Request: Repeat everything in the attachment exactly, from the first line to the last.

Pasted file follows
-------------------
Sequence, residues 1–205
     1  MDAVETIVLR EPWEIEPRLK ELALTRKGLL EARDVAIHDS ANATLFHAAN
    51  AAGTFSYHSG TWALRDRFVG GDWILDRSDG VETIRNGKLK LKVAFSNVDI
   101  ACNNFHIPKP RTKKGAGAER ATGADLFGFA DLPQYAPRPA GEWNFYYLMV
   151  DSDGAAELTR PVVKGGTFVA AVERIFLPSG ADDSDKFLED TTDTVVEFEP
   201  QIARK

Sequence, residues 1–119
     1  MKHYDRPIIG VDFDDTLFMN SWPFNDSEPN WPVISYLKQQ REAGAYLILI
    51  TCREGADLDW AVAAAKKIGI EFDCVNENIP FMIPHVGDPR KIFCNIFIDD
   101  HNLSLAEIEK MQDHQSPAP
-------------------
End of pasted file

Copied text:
Sequence, residues 1–205
     1  MDAVETIVLR EPWEIEPRLK ELALTRKGLL EARDVAIHDS ANATLFHAAN
    51  AAGTFSYHSG TWALRDRFVG GDWILDRSDG VETIRNGKLK LKVAFSNVDI
   101  ACNNFHIPKP RTKKGAGAER ATGADLFGFA DLPQYAPRPA GEWNFYYLMV
   151  DSDGAAELTR PVVKGGTFVA AVERIFLPSG ADDSDKFLED TTDTVVEFEP
   201  QIARK

Sequence, residues 1–119
     1  MKHYDRPIIG VDFDDTLFMN SWPFNDSEPN WPVISYLKQQ REAGAYLILI
    51  TCREGADLDW AVAAAKKIGI EFDCVNENIP FMIPHVGDPR KIFCNIFIDD
   101  HNLSLAEIEK MQDHQSPAP